Have you ever felt really angry and resentful? I know, stupid question. Who hasn’t felt really angry and resentful at some point in their lives?
Today, I am angry. And today, I am feeling resentful.
It used to be that feelings of anger eluded me. For me, anger used to be one of those emotions that was too uncomfortable to feel, so I’d turn it inward toward myself, and build up resentment for the person or people who had caused me to feel such inner turmoil. (At least I always thought they were the ones who made me feel a certain way—someone else’s fault.)
Today I’m just damn angry. Anger still isn’t a comfortable emotion for me to feel. The difference between today and a year ago? Today, I’m just letting myself feel it, and I’m not feeling bad about allowing myself to be angry. I’m not trying to stuff it down, turn it inward or express it outward. I’m allowing myself to be f’ing angry. I’m not reacting to my anger—except to write about it, get it out, so I can let it go, forgive myself and forgive the person I’m angry with.
Now, here’s the tricky part. Today I’m also feeling resentful. I’m feeling resentful toward this person who did something careless and hurt someone I love deeply. Anger is cool. Resentment doesn’t do anyone any good. And that’s where I’m feeling the most angst and a bit stuck. I’m feeling stuck because I know I can’t let go of the anger unless I let go of the resentment.
Resentment doesn’t ever feel good, and it begins to eat at your soul and strip away the healing that can happen by allowing yourself to feel anger. The reason is because resentment carries all of these conditions. If [blank] hadn’t done [blank], then I wouldn’t be doing/feeling [blank]. Or if [blank] hadn’t said [blank], then [blank] wouldn’t have happened. Resentment boxes us in. Resentment keeps us from moving forward. Resentment keeps us from owning our feelings. Resentment keeps us from searching for the meaning, from healing, and from forgiving. Resentment keeps us from loving someone through their faults and mistakes. It’s a self-sabotaging condition that fills our spirits with blame, negativity, and helplessness … all so that we don’t have to own and feel the discomfort of our own feelings. Sounds like a good deal sometimes (since owning our feelings can be uncomfortable), but the reality is all that resentment does is keep us stuck—it keeps us from growing and being unconditional lovers to ourselves and one another.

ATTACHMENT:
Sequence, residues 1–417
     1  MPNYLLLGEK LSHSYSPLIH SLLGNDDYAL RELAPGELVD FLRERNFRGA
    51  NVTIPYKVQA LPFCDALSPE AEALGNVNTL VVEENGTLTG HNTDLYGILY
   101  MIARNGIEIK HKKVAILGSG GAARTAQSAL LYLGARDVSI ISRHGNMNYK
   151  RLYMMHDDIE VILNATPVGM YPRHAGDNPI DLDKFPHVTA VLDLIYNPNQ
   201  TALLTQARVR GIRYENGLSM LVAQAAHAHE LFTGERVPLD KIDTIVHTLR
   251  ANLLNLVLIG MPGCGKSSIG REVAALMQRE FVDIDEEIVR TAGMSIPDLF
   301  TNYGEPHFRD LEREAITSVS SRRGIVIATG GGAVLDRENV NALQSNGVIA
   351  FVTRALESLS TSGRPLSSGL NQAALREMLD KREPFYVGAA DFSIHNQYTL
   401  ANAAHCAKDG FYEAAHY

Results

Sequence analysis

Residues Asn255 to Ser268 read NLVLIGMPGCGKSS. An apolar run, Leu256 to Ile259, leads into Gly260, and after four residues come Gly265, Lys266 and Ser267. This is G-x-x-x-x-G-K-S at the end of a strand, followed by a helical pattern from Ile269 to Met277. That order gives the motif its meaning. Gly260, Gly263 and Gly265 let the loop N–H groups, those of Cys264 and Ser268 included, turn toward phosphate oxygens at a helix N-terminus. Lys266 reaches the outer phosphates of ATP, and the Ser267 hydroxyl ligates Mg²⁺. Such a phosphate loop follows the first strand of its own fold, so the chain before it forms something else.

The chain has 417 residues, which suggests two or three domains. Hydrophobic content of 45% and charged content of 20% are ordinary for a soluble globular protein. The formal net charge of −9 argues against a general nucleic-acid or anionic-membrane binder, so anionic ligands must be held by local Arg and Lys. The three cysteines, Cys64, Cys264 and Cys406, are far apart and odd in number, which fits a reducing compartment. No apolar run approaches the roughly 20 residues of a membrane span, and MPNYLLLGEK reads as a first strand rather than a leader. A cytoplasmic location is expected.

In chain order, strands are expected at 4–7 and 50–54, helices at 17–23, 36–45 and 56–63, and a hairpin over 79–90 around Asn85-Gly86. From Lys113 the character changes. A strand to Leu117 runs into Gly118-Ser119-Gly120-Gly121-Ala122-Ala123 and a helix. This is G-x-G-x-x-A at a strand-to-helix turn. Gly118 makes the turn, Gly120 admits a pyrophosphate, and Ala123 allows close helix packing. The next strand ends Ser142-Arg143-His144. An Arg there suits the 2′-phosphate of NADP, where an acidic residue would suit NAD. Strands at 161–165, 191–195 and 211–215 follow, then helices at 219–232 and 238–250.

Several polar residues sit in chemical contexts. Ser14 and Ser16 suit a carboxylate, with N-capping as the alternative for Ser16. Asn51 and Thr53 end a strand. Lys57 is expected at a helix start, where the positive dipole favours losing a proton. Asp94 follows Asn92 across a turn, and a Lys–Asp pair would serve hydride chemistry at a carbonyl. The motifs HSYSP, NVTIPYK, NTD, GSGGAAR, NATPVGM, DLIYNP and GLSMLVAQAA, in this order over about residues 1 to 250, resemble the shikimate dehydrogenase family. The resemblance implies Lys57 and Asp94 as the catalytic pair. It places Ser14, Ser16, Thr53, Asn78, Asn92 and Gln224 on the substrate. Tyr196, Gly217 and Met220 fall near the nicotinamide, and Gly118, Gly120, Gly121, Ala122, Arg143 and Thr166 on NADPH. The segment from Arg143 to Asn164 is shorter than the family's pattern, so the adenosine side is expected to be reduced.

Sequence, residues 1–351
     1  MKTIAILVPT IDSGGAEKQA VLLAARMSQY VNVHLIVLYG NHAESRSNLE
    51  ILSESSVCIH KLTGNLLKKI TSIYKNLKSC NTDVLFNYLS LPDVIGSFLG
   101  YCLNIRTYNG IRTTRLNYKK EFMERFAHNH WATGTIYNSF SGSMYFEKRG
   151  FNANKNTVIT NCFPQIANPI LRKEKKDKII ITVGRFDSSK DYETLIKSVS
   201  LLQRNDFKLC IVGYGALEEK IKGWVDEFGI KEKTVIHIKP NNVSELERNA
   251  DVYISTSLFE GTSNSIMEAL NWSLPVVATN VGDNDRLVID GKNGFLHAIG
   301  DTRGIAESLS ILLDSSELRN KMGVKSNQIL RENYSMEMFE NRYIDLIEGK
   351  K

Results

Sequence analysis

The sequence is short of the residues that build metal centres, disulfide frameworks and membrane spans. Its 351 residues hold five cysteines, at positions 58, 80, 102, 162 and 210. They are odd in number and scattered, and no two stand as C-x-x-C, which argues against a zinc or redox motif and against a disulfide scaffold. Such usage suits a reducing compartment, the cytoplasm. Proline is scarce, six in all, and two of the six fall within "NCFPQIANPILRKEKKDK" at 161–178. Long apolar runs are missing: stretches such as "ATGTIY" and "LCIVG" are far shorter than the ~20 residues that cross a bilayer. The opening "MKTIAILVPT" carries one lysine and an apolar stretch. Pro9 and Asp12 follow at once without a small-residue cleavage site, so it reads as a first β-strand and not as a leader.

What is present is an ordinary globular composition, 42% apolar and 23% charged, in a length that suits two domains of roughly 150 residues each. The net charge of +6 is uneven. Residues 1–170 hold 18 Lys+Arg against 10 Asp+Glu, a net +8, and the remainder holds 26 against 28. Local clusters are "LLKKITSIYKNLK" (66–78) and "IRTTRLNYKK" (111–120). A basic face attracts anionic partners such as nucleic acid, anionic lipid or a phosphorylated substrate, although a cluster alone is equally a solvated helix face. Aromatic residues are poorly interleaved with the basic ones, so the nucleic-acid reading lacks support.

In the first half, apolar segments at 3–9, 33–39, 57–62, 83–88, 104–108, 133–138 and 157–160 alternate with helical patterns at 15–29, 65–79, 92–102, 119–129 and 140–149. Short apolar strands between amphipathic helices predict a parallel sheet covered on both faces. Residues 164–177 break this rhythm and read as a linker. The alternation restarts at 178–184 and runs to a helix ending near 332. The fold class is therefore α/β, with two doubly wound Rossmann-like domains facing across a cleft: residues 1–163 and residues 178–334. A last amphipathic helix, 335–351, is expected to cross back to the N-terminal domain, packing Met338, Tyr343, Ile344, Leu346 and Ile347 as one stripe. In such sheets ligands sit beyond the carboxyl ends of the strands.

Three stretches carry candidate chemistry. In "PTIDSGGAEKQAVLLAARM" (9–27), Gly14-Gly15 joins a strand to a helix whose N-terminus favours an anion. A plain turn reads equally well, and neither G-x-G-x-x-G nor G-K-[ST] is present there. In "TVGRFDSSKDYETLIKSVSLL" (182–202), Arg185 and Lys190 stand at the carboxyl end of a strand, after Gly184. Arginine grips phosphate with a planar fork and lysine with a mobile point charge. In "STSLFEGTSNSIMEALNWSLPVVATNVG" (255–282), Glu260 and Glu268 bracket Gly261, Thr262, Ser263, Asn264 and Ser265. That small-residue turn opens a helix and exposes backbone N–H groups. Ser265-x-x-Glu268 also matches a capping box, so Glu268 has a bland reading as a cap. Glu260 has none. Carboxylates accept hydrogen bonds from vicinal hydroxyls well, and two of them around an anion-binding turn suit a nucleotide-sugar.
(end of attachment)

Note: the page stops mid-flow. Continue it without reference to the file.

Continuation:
You see, sometimes resentment and anger go hand in hand. But they don’t have to. The magic question I keep asking myself as I type out these words to you is how do I let go of the resentment that keeps creeping into my space?
And the only word that keeps finding its way into my mind is “awareness.” Awareness that resentment is creeping in. We can’t always stop the resentment, but once we acknowledge it, we have a better chance of not reacting to it. And if we don’t react to it, then it can’t take on a life of its own, and it can’t continue to feed on the anger, and the anger can’t continue to feed on the resentment. In other words, we can break free of the anger and move on toward forgiveness.
And so once again I announce to you: Today I am Free to Be [Angry]. And today I acknowledge that I am feeling resentful. These are my feelings. I’m entitled to them. By feeling entitled to my feelings, I don’t feel the burning need to blame someone else for them.
The magic, my friends, is that I’m already releasing my feelings of resentment. In the 45 minutes that it took me to acknowledge my feelings and write this post, I’m already feeling freer, less boxed in, and more open to forgiveness.
As a side note, what you may not realize, is that as I write to you, I learn as well. You see, I don’t write because I know it all. With every key stroke—every thought I’m sharing—I’m learning and growing too. I wasn’t born knowing about this stuff or being open to sharing my soul and wisdom. I’m just as much a student of life and the search for meaning as you may be. But with each lesson learned, we have an opportunity to teach ourselves and others more than we knew before, and so I’m paying it all forward in the hope that today, you are able to feel entitled to feel whatever you feel today.
So, my darlings, I ask you … what/who are you Free to Be today?
Until next time, friends,